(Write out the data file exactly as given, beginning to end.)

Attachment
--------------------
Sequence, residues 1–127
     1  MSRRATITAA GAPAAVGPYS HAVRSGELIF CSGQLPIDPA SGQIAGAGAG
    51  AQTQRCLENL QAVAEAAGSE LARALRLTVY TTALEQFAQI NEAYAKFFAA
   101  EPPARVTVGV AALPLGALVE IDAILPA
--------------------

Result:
Sequence, residues 1–127
     1  MSRRATITAA GAPAAVGPYS HAVRSGELIF CSGQLPIDPA SGQIAGAGAG
    51  AQTQRCLENL QAVAEAAGSE LARALRLTVY TTALEQFAQI NEAYAKFFAA
   101  EPPARVTVGV AALPLGALVE IDAILPA